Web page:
Pins 33 are provided in all of the apertures of all of the rows. These pins 33 are provided with headed lower ends 34 and are of such length as to project somewhat above the top panel I 0 when the heads 36 are resting upon the bottom panel H5. The pins 33 extend through the corresponding strips of felt, the holes made in the felt being ordinarily somewhat smaller than the diameter of the pins. As a result the felt provides suiiicient friction against the pins to hold these pins either in elevated or in lowered position.

The felt strips are located somewhat above the accavvc 1 level of the bottom panel 15 so that each of the pins may be moved upwardly an appreciable distance. Thus when it is desired to indicate a score, one or more of the pins is elevated and remains in elevated position until manually depressed. The elevation of the pins is sufiicient so that each elevated pin may be readily distinguished from the others.

In the particular form of construction: illus-. trated, eachof the rowsof aperturesu22,.23, 24 and 25 include fourteen apertures and correspondingly fourteen pins. Indicia 35 is provided,

between the pins of each pair so as to identify these pins.

than the pins of the adjacent row. For example the pins located in the rowsof' aperture-s23 and 24 may be red in color and may indicate. minus scores or scores below zero. Scores in increments, of ten, points are provided up to one hundred." Whenscores-aboveonehundred are to beindicated; the pinindicating one hundred remains elevated andthe additional score is indicated by the elevation ofasecondpin. When a score of two'hundredis'reached the pinopposite the numeral) one hundred is lowered and the pinopposite numeraltwo hundred is elevated. In this; manner scores up to atotal o-f=five hundred maybe-scored on the board.

I havefoundthat because of my particular wayof suppo-rting the felt' my'board may be produced at-lowcost; In-usual-practice thehoard isf molded complete, except for: either the top panel or the bottom panel. The remaining panel is-separately= molded. In assembling the board, the felt strips are applied upon their'respective lugs and metal retaining elements 36' provided: withaperturesslightlysmaller than the lugs 21' are wedged ontothe lugs to hold thefelt in place. The pins- 33' are next insertedthrough the holes in-the top panel-and the remainingpanel of the assembly is added and attached to the remainder of the-body with cement or .othersuitableattaching means.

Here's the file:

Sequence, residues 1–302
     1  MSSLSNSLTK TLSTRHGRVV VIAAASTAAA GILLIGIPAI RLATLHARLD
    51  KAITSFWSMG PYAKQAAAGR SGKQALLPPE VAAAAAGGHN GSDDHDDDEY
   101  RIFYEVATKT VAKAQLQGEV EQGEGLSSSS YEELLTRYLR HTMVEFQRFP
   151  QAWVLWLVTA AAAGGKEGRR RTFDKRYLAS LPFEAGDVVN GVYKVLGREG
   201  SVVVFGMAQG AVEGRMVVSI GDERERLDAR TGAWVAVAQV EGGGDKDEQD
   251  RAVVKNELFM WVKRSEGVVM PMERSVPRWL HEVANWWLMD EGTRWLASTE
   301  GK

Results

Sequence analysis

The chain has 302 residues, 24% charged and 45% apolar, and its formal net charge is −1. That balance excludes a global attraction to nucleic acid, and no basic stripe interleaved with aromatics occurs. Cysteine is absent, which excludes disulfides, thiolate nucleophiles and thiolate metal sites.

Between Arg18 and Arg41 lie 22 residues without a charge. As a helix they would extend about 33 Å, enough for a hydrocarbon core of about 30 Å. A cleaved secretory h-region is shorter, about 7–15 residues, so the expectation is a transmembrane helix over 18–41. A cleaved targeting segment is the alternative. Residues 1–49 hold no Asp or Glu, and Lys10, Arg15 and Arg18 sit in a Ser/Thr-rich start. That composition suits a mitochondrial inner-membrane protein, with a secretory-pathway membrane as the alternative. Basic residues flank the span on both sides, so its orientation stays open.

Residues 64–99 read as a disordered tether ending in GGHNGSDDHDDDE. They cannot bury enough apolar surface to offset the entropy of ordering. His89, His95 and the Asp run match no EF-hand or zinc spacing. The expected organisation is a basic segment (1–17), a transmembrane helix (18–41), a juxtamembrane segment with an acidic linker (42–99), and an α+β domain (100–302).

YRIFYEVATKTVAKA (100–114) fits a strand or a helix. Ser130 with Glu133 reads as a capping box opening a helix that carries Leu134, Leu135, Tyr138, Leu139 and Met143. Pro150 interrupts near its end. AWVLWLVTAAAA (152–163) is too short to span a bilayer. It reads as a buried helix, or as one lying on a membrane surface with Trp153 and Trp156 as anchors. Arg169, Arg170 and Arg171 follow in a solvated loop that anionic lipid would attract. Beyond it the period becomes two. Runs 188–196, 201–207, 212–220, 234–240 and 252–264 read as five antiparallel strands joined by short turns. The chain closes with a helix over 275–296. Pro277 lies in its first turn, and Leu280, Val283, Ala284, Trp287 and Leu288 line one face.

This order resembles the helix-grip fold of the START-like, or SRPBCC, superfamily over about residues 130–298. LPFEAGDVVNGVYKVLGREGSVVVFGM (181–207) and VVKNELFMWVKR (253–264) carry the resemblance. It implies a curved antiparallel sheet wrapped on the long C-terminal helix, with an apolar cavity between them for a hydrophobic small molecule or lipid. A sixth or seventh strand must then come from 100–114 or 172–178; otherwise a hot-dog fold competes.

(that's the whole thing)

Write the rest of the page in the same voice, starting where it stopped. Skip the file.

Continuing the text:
In accordance with thepatent statutes, I have described theprinciples of' construction and operation-of mygalneboard, and .whileI have en-.

In preferred form the pins of one row of each pair of rows are of different .color.

- said =mea-ns encircling said lugs in an ofiset fashion with respect to said apertures, and pins extending through said fibrous material and through said apertures and frictionally held in place by said fibrous material, said lug encircling means having their edges spaced sufficiently. from saidapertures to provide a cantilever flexing of the fibrous material adjacent'each pinreceiving aperture.

2. A tally boardincludingazhcllowbodyhaving a top panel being provided with a. series of apertures .therethrough, a strip of soft fibrous material underlying; said toppanel, fastening means for securing said strip of fibrous-material against said top panel, said fastening means being offset from said apertures, and :pins extending through said apertures and frictionally held in place by said fibrous material, saidfastening,

means beingspaced sufficiently from said aper tures to provide a cantilever flexing of the fibrous material adjacent each pin receiving aperture.

JOHN H. NEWMAN.

REFERENCES CITED The following references areof record in'the fileof this patent:-

UNITED STATES PATENTS Number; Name Date 40,999 Gill Dec; 22, 1863. 245,8'73 Sargent Aug. 16, 1881 1,637;211 Bley July 26; 1927. 2,561,036 Sodders July 17, 1951.

Patent Citations
Cited PatentFiling datePublication dateApplicantTitle
US40999 *Dec 22, 1863 Improvement in cribbage-boards
US245873 *May 31, 1881Aug 16, 1881 Game-tally
US1637211 *Jul 3, 1926Jul 26, 1927Bernard Bley BenjaminTally
US2561036 *Jun 7, 1948Jul 17, 1951Noel S SoddersThread-cutting sheet metal nut
Referenced by
Citing PatentFiling datePublication dateApplicantTitle
US2988274 *Feb 18, 1958Jun 13, 1961Adolf Carlsen ErlingCalculating machines
US3264468 *Sep 6, 1963Aug 2, 1966Honeywell IncElectric lamp support
US3695512 *Oct 28, 1971Oct 3, 1972Trudel John LCribbage boards and like peg-board devices
US4332386 *Sep 2, 1980Jun 1, 1982Townsend Richard JEuchre score board
US4477719 *Dec 30, 1982Oct 16, 1984Watterson Walter WCounting board
Classifications
U.S. Classification235/90, 446/1, 273/148.00A
International ClassificationA63F1/00, A63F1/18
Cooperative ClassificationA63F1/18
European ClassificationA63F1/18